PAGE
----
FANNING THE FLAMES OF INNOVATION
With more start-ups and angel capital emerging in the country last year, China’s innovation drive looks to be bearing fruit and gaining traction
Shanghai has in recent months become a second home for Xie Fayan, a Xiamen-based maker who frequently enters the city to attend exhibitions and showcase Guguji, a small portable printer he created that can be used to print messages and social media content on mobile phones.
“It is always exciting to see many makers like myself in Shanghai who are bringing handy solutions to make life easier,” said the 26-year-old at the recent 2016 Consumer Electronics Show Asia (CES Asia) held in Shanghai.
The event this year featured more than 200 exhibitors from around the world.
“China’s push for innovation and entrepreneurship is now stronger than ever and this trend not only impacts Chinese investors and consumers, but also extends the country’s influence globally. Increasing numbers of tech makers have been bringing their projects to China to seek investments while Chinese products of good quality have also been making their way into the global market,” said Liu Chuan, a Shenzhen-based analyst with Daoyuan Management Consultancy Ltd.
According to data from the National Development and Reform Commission (NDRC) which was released on May 20, the number of makers and entrepreneurs in China have been booming in the past couple of years.
In 2015, 14 million new entities were registered, representing a 14 percent year-onyear growth. Meanwhile, some 558,000 university graduates and college students had started their own businesses, a 16.9 percent year-on-year increase.
Angel funds in China had also surged significantly, according to the NDRC report. In 2015, the combined angel funds in China reached 20.36 billion yuan, three-fold the amount in 2014. By the end of 2015, China was home to about 3,000 venture capital funds and angel funds which had a combined capital of more than one trillion yuan.
“A pro-entrepreneurship policy environment, the rising numbers of funding opportunities and the allocation of more social resources to encourage innovation are in line with the country’s aspirations to transform its economic growth patterns and upgrade its manufacturing and industrial sectors,” said Sun Weimin, chief of the information department at the Ministry of Industry and Information Technology. Sun is also in charge of an annual maker contest hosted by the ministry.
Sun noted that another major factor behind the growth of China’s innovation sector is the support provided to makers and entrepreneurs by local governments and enterprises. For instance, several funds have been set up to support the innovation drive and comprehensive networks have been established to help start-ups locate investors and incubators. There are more than 20 incubators and industrial zones in Shanghai that cover a wide range of sectors, including robotics, navigation and healthcare.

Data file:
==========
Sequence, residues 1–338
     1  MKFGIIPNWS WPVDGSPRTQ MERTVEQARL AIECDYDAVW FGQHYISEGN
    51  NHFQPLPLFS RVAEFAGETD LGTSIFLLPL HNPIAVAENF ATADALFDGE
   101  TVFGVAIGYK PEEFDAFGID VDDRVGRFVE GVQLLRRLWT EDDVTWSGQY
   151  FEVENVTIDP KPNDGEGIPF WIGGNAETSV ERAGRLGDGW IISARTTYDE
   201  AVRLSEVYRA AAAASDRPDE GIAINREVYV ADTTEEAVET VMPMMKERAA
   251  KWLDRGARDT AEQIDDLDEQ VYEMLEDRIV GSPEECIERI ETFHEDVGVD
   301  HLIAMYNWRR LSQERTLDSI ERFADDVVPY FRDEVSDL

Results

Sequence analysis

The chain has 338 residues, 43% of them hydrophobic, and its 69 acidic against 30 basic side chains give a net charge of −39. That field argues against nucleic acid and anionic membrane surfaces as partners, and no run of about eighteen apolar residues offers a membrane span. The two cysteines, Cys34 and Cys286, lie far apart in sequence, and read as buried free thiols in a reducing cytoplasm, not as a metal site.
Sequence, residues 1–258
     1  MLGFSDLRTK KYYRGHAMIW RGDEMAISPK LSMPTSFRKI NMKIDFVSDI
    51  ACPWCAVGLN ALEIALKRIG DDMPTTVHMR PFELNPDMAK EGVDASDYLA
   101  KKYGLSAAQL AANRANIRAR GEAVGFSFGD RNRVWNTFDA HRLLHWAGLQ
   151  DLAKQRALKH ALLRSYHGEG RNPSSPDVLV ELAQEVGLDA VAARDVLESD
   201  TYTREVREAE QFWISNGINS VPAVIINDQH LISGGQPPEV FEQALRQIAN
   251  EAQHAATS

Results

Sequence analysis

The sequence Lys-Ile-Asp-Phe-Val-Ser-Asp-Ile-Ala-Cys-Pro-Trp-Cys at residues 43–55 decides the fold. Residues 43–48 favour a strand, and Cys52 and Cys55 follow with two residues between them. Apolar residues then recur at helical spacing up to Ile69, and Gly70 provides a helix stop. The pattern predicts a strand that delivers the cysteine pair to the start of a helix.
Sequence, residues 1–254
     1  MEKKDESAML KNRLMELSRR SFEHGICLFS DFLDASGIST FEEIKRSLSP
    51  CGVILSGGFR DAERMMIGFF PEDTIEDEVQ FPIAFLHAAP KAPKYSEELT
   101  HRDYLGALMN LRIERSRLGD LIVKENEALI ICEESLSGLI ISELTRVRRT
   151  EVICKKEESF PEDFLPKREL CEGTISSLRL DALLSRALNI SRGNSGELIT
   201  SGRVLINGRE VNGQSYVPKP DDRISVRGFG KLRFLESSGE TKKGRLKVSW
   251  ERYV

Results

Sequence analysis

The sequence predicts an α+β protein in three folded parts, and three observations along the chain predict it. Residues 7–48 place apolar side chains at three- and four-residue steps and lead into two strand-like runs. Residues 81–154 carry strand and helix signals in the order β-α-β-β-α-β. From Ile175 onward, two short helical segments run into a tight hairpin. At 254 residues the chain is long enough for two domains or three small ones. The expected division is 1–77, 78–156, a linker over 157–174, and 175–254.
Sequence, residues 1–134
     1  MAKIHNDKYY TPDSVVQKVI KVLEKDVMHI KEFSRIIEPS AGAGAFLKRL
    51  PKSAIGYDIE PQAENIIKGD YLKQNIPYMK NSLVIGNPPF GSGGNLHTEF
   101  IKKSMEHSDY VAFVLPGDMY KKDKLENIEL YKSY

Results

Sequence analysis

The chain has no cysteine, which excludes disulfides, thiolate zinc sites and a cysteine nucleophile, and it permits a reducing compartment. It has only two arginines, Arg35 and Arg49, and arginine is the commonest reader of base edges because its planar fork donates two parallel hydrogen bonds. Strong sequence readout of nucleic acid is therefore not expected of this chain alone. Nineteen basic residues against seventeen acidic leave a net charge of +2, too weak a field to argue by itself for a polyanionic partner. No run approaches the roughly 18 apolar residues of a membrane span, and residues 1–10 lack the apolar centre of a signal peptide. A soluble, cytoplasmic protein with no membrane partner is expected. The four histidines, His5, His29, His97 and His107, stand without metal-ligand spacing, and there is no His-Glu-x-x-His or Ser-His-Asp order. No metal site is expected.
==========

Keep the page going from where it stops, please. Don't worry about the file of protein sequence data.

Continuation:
“We have held two contests for makers in the past two years and some of the awardwinning projects have been introduced to enterprises which can take advantage of these innovative technologies. For example, a three-dimensional shoe-making project has been turned into a shoemaking enterprise and will be heading into mass-production, while another project that utilizes robotics to handle logistic tasks has been popularized in the logistics sector,” said Sun.
One of the new trends that makers have noticed is the shift in interest toward products that are environmentally friendly. One such company at CES Asia that fitted this mold is Sheedo, which creates paper made from waste cotton. The unique thing about this product is that it also has seeds embedded in it — people can plant it in the ground after usage instead of disposing it in a rubbish bin.
“China is now becoming more concerned about the environment and it’s time for Sheedo to grow here in Shanghai. The business model is simple to understand — it is about turning raw materials into valuable and environmentally friendly products such as business cards, flyers, coasters, chopsticks holders and many other things that can be made using paper,” said Gloria Gubianas Blanes, the founder of the Barcelonabased company.
Another notable project at CES Asia this year was a body temperature monitor that looks like a band-aid. Developed by a Changzhoubased medical technology enterprise, the device is powered by paper battery technology and can monitor a person’s temperature up to 48 hours.
“It may be a small gadget but there is great demand for such devices. In China alone, more than 800 million thermometers are produced annually,” said Xie Rui, the marketing specialist of the project.
Industry experts said that they expect to see more makers working in teams and leveraging each other’s expertise as the competition heats up in the innovation scene. Xia Junfeng, project manager with startup incubator Nanjing Maker Space, said that makers need to work with other parties if they want their products to reach the commercialization stage as quickly as possible.
“It is unlikely for one individual to handle all the tasks involved, such as product design, marketing, intellectual property rights protection and fundraising, so makers will need to work in teams to be more efficient and effective,” said Xia.
“The days of being able to present an idea and secure easy funding are gone. Investors today are very savvy and they demand easy-to-understand business models as well as good designs. Very often, makers will also need to take advantage of social media to extend the reach of their projects.”
The days of being able to present an idea and secure easy funding are gone. Investors today are very savvy and they demand easy-to-understand business models.” project manager with start-up incubator Nanjing Maker Space
A man tries out a virtual reality headset at the 2016 CES Asia in Shanghai. There were more than 200 exhibitors at this year's show.